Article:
JET comes up big with ‘Cabaret’
WALLED LAKE, Mich.–When you’re already familiar with Cabaret, but haven’t seen it recently, you forget how much of the story seems to be simply about a few people sharing a boarding house, and two couple falling in love.
Yes, it is Berlin in the early 1930’s, so we have the foreknowledge the characters don’t have. But the show, now in a sparkling production at the JET Theatre in Walled Lake, all begins so innocently. (And yes, a story that begins at the Kit Kat Klub is innocent.)
There is Cliff (Connor Allston), the American traveling from European capitol to capitol, not writing a novel. There is the enigmatic, narcissistic, complicated Brit, Sally Bowles (Mackenzie Conn), a club entertainer he becomes enamored with – though we soon learn he’d also had a fling with another Kit Kat performer, Bobby (Jake B. Rydell), back in London. Cliff’s landlady, Fraulein Schneider (Julia Glander), is being wooed by another boarder, Herr Schultz (Greg Trzaskoma). (Those who’ve seen only the film version will recall the second couple is portrayed differently there, as is their entire storyline.)
The budding relationships of these two couples are intertwined with performances by the mysterious Emcee and the other Kit Kat Klub entertainers, which become increasingly a reflection/ commentary of the story. But only at the end of the act are we hit full force with the specter that has been lurking in the background, when two supporting characters who’ve been almost light-hearted comic relief reveal their true passion.
One of them flings off a coat at a party to reveal swastika armband, about as startling the sight as a MAGA hat at a Pride parade. He and the second character, she in a blood-red dress, waltz to the “patriotic” (read fascist) “Tomorrow Belongs to Me,” gradually goading all but a few partygoers into singing the anthem in a chilling act finale. (So eerie that it feels awkward to applaud at the end.) From there on, the personal relationships of the four leads will be intertwined and poisoned by the madness growing around them.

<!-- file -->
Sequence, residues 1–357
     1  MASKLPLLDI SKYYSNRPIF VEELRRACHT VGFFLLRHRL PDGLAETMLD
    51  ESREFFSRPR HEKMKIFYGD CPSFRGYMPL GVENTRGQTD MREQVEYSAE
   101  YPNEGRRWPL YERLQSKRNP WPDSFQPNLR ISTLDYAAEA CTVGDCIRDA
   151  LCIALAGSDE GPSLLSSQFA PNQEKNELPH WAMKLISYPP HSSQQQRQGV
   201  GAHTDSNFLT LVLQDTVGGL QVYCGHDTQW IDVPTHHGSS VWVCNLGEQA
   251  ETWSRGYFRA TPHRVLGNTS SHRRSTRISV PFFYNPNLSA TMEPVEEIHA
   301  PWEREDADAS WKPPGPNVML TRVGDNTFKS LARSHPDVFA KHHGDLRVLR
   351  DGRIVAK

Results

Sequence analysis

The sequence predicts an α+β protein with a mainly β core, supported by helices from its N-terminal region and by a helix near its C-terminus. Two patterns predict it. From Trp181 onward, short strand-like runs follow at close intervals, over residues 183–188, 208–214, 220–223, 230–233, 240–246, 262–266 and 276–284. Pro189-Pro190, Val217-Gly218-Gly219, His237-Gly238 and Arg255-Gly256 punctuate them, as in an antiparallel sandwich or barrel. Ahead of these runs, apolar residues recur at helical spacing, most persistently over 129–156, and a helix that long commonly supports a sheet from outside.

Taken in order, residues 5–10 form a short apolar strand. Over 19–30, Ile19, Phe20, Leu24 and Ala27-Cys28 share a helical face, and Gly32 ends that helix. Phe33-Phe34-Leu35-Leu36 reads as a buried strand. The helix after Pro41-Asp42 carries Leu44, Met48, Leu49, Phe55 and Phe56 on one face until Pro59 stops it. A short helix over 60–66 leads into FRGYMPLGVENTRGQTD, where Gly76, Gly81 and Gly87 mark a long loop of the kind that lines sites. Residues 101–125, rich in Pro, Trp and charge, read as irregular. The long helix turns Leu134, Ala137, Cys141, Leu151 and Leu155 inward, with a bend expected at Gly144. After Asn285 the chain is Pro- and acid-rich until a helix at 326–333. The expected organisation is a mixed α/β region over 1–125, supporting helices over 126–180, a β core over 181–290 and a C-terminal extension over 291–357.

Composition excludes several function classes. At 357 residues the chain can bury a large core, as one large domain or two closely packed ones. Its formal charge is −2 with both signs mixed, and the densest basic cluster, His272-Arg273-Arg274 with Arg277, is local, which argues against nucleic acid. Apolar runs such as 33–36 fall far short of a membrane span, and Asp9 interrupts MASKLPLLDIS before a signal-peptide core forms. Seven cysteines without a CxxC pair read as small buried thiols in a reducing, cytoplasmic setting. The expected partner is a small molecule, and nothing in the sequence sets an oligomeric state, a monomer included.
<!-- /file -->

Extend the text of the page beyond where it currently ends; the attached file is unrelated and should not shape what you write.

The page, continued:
Director Christopher Bremer (who also appears as Max, the club’s owner) has assembled a fine cast, each throwing themselves full force into this powerful, entertaining and moving musical. Bello Pizzimenti is a charismatic Emcee, slinking across the stage in songs both bawdy and politically pointed. (Even when you know the “punchline” of “If You Could See Her,” the tender love song to a sweet gorilla is a gut punch.)
This production, based upon more recent versions of the show, offers new interpretations to the Emcee. He can be seen as more than just the club entertainer, more even than a general symbol of crazed Berlin, almost a Svengali invisibly controlling the other characters, until an end where he himself also has no control.
Conn pulls off Sally’s Brit accent and brittle personality, bringing as much pathos as pizzazz to the would-be star. Allston finds the right combination of intensity and confusion for Cliff, while also revealing a fine singing voice. Julia Glander brings stage presence and fine singing to Fraulein Schneider, a woman who’s had to be so strong for so long that vulnerability frightens her. Greg Trzaskoma is touching as the sweet, warm-hearted, but all too naïve, Herr Schultz, and his beautiful baritone is a standout sound.
The supporting cast are all wonderful, including Meredith Deighton as boarder Fraulein Kost (and the Kit Kat’s Fritzie), and Tim Stone as Ernst, the German who first befriends Cliff. The Kit Kat “boys and girls” – Elizabeth Kurkowski, Sara Kmiec, Claire Lord, Anna Ventura, Mariel Zmarzly and Grant Cleaveland, along with Rydell – make the club numbers glitter, thanks to Debbie Williams sparkling sharp choreography. (By the way, be prepared to chit-chat with the Kit Kat boys and girls at your club table pre-show, as they offer you a selection of wein und bier, inquire where you’re from, offer to pose for pictures, and improv little stories about each other.)
Musical director/pianist Stacy White is onstage all evening, practically a one-woman band at times, joined sometimes by chorus performers on a few instruments. The small group is fine, although I occasionally wished for a heftier ensemble.
Neil Koivu’s lighting design, Mary Cophenhagen’s costumes and Stephanie Baugher’s set contribute to the atmosphere of both the gaudy nightclub and boarding house.
The original “Cabaret,” with book by Joe Masteroff (based on works by Christopher Isherwood and John Van Druten), music by Fred Ebb and lyrics by John Kander, debuted in the 1960s. Those of us who’ve lived through the half a century since, know the story is always the same. Our sexual attractions and confusions, our love and our fears, our desires to succeed, are the same. And the world swirling around us is unfortunately, is also the same – an ongoing struggle between bigotry and acceptance, where we ask, as the Emcee does, “Why can’t the world leben und leben lassen – live, and let live.”